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- Uttar Pradesh’s manufacturing sector has consecutively witnessed a negative growth rate of -3.5% (2019-2020) and -5.4% (2020-2021).
- According to Centre for Monitoring Indian Economy (CMIE) data, unemployment almost doubled in UP during 2019 compared to 2018. UP Labour Minister Swami Prasad Maurya said in the Assembly that as on February 7, 2020, 33.94 lakh people were registered as unemployed, a whopping 58.43% jump over the 21.39 lakh unemployed registered until June 30, 2018.
- UP’s social sector spending was down by 2.6% from the outlay between 2011 and 2017.
Along with Madhya Pradesh, UP continues to top the charts ― in matters like crime statistics, especially crimes against women. The National Commission for Women reported that domestic violence is at a 21-year high this year, with most complaints received from UP. The five worst performing districts in terms of vaccine delivery are in UP. The district with the lowest proportion of the vaccinated is Kanpur (Rural), with 2.97%. A “mystery fever” is raging across districts in the region of Mathura and Firozabad, killing children. Hospitals have failed to even identify the disease. This is apart from the numerous children who are annually afflicted with encephalitis in Gorakhpur, Chief Minister Adityanath’s parliamentary seat for two decades. The second COVID-19 wave ripped through UP, unrecorded by the state but reflected in oxygen shortages, failing public hospitals and visuals of hundreds of bodies buried hurriedly on the banks of the Ganga. The UP government’s response to the second wave was to desperately control optics ― pull off Ramnaami chadars left on unmarked graves and build walls to conceal cremation grounds blazing through the night. The UP government must be answerable for all this in 2022.
To instead make the UP state elections about national politics doesn’t do its people a favour. Also, to test the trajectory of the BJP’s fortunes in 2024 nationally, on the basis of how UP votes next year in the Assembly elections, could be very misleading. The experience with three north Indian states in 2018 versus their choices in 2019 should have driven that point home. The BJP lost West Bengal comprehensively four months ago, and Delhi in 2020, despite very aggressive BJP campaigns. The home minister promoted anger openly in Delhi and went as far as to suggest that “current” should shock Shaheen Bagh. But both these stories say little about how these same states will vote in 2024.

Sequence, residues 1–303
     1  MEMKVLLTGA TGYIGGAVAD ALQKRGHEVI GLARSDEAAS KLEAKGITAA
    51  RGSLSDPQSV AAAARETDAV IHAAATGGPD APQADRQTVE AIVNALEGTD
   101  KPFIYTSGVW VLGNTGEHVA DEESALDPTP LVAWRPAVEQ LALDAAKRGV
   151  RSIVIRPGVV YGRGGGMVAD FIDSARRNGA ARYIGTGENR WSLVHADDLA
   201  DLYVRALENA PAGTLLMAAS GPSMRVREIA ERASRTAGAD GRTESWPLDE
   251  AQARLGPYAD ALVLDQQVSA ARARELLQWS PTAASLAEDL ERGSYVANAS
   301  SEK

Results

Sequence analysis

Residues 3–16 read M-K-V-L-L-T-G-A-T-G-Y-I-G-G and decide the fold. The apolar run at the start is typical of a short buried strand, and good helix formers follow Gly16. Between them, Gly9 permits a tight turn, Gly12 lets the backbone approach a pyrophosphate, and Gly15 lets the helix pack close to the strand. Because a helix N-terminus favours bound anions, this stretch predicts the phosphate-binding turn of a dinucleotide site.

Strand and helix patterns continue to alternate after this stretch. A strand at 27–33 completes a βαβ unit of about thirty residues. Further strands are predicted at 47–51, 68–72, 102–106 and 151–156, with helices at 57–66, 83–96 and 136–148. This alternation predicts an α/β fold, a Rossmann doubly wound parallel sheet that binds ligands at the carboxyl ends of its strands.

UP and Gujarat could vote the BJP out in 2022 and the BJP may well return to power in the national elections. The converse is equally possible. With sharply polarising ideology dominating the national scene and Modi’s personality the trump card, there is no evidence that state elections are mini-national elections. Framing UP as a “semi-final” for 2024 would instead facilitate those who stand to gain by diverting attention from the performance of the state government and making all polls about social fractures. In effect, it will be a gate-pass for the BJP.
It is important that the UP state government is held to account for its (non)performance in the forthcoming polls. This has acquired urgency as the BJP seeks to alter the very basis of politics, to create a permanent voting block reflecting social identity, and throw matters of jobs, price rise and public health out of the electoral fray. This would amount to reducing the state polls to a popularity contest for personalities in the state and Centre. The biggest pushback by those in the electorate who value their wellbeing and India’s democracy would be to consistently question those they vest with power, and robustly debate the state government’s record.
‘Rights’ is a word the BJP dislikes. ‘Thank you, Modiji’ serves instead to train people to be grateful for monarchical benediction, as does the increasing use of “free” to describe rations and vaccines delivered at public expense. UP elections should be a test of how independently and forthrightly people are able to make choices in their own interest, rejecting the framework of having elected a monarch or voting as they would in a national election. That would be a different battle.
While socially very conservative, UP has displayed political dynamism and has near-consistently voted governments out since 1967. Mayawati swept to an absolute majority in 2007 and was upset by the Samajwadi Party’s majority in 2012. In 2017, the BJP came in with an even bigger margin. To conflate UP’s social stasis or what is seen as its obsession with caste and other identities, with political stasis, would be wrong. The ability of the social mosaic in UP to dramatically alter political fortunes, even if people move as community units, not as discrete individuals exercising agency but changing voting preferences en bloc, could qualify as a political innovation.
It has, so far, kept all political forces on their toes. It must be encouraged to continue to do so. UP must vote for itself, and a better life.